In this post I learnt that バラは甘い香りがする is natural but バラは香りが甘い is not. Fair enough, but I'm still not at all sure why.

Consider the classic sentence 象は鼻が長い. I don't think anyone would claim that this sentence is unnatural, and yet both sentences to my mind have the same structure and are performing the same kind of function; they both consider a thing and describe a property of that thing. バラは香りが甘い (as for the rose, the smell is sweet) 象は鼻が長い (as for the elephant, the nose is long).

So what is different that makes バラは香りが甘い unnatural?

Just to further confuse things this answer makes me think that バラは甘い香りがする itself is wrong and I should really have written バラは甘い香りをしている. How do these two sentences differ?

And is 象は長い鼻をしている a valid/natural sentence?

Sentences like these are easy enough to understand when read them but really confusing when you want to construct your own.

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    It's simply not common in Japanese to describe a sound, smell, or taste that you perceive from something using an adjective predicatively with those things being the subject unless you are describing their volume, intensity, etc. For example, you usually don't say 味が苦い while 味が強い is fine.
    – aguijonazo
    Feb 8, 2022 at 23:21

1 Answer 1


〜がする is used to describe a sound, smell, taste, or certain other sensations that you perceive as coming from a particular thing or place. It is essentially about what you perceive at a particular moment rather than a permanent quality of whatever evokes that sensation in you. In that sense, it is similar in function to 〜が見える and 〜が聞こえる.

Sentences like ビールは味が苦い and 納豆は匂いが臭い are redundant and unnatural, where the subject is an abstract noun that refers to a sense and the predicate is an adjective that describes what sensation you perceive through that sense. This construction is closer to 象の鼻は長さが長い than 象は鼻が長い in that the subject is an abstract concept rather than a concrete thing like 鼻. This is simply not how you say it. You say ビールは苦い, 納豆は臭い, etc. just as you do 象の鼻は長い.

While not exactly redundant, バラは香りが甘い sounds unnatural for a similar reason. The difference is only that you cannot rephrase it to バラは甘い because the adjective 甘い is not understood as referring to a smell by itself as 臭い and a few less commonly used adjectives like 芳しい would be. You need a word to make it explicit that you are talking about a smell, and バラは甘い香りがする is how you say it.

バラは香りがいい sounds natural enough, though. It is understood as focusing on one specific aspect of the topic (バラ) and evaluating it in that aspect in simple terms of whether it is good or bad, rather than describing in an open-ended manner what its smell is like as is the case with 甘い. You can also use adjectives that describe intensity, such as 強い, in the predicate position like that.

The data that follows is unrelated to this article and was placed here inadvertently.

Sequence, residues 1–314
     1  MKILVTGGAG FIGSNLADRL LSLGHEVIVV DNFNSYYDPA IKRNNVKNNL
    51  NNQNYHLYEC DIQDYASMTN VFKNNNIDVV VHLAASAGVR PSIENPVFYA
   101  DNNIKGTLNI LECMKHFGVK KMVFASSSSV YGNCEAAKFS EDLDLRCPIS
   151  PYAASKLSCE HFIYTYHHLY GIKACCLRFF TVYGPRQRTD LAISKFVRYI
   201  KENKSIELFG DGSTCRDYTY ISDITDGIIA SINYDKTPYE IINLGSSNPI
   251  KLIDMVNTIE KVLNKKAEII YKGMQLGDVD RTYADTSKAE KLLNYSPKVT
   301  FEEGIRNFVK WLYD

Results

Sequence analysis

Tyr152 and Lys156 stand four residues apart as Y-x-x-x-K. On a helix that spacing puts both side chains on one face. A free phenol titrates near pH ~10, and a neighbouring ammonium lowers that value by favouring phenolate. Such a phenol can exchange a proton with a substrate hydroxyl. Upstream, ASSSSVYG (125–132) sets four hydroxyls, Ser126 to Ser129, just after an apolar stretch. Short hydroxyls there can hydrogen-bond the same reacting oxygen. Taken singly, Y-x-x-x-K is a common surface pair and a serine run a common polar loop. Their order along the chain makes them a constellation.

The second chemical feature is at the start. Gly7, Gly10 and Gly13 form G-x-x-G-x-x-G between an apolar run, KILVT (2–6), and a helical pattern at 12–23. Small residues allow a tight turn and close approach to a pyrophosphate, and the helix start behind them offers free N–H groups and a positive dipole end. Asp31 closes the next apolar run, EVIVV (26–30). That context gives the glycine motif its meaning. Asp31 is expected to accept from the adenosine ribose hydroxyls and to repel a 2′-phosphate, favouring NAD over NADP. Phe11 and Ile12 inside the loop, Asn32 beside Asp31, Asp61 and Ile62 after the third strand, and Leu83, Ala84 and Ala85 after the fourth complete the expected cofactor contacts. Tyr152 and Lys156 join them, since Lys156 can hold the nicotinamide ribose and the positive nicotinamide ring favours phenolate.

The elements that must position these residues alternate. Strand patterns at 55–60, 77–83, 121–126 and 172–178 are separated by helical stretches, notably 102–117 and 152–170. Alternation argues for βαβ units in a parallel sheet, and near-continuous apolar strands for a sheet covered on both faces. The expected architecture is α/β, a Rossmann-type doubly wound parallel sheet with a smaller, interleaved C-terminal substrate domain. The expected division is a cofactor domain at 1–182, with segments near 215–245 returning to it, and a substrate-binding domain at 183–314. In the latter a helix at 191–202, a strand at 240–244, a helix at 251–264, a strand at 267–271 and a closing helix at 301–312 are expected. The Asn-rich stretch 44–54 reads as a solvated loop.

バラは香りが甘い may sound natural as a response to the question “What is sweet about roses?,” where the questioner already expects roses to be evaluated in sweetness perhaps in comparison with something that is sweet in some other sense, most probably taste. Such contexts are not very common.

Though it is hard to answer why, it could be that we don’t see a smell in a whole-part relationship with respect to the thing that emits it so much as we do see a body part as, obviously, part of the owner of the body. I guess a smell is still seen as an ephemeral phenomenon that you perceive at each instance even when you think you are talking about a permanent trait of something, and this makes バラは甘い香りがする most natural. When the sentence sounds natural with an adjective in the predicate position, the subject (香り) is in a way forced to be seen as a part of the topic (バラ), or more precisely as one of various aspects of it. In other words, the sentence is still more about バラ, as seen from a particular aspect, and less about 香り itself. This expected focus on the topic seems to be distracted if the subject cannot be seen as a part of it in the 〜は〜が [Adj] construction.

バラは甘い香りをしている sounds odd to me, at least if you are talking about roses in general. It may be acceptable if you are talking about specific roses with a particularly sweet smell. I would expect the topic to be more specific in that case, like このバラ.

象は長い鼻をしている sounds equally odd to me. 〜をしている is used to describe a natural characteristic of a particular thing or person as you observe it. For example, you might say something like この象は可愛い目をしている about a particular elephant. When you do so, you are stating your observation. The nose being long is an objective fact about the species, and that is more naturally expressed as 象は鼻が長い.

  • Great answer. A lot to think about here. Thanks. Regarding 〜がする you say "It is essentially about what you perceive at a particular moment rather than a permanent quality ". That has always been how I understood it, so I was surprised to see バラは甘い香りがする being used to describe what, to me, seems like a permanent quality. Something like このバラは甘い香りがする would make more sense to me: "I am perceiving this particular rose to smell sweet right now". ... Feb 11, 2022 at 8:51
  • ... Am I still misunderstanding バラは甘い香りがする? Is it really describing a permanent quality of all roses or is it actually saying: "of all the roses I can see in front of me right now, they all smell sweet"? If that were the case then simply adding 'the' in front would remove the confusion: "The roses smell sweet". Feb 11, 2022 at 8:51
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    @user3856370 - I guess we are having to use 〜がする for the lack of a better way to say it. It could be understood as meaning バラ(というもの)は(いつも)甘い香りがする(ものだ).
    – aguijonazo
    Feb 11, 2022 at 10:59

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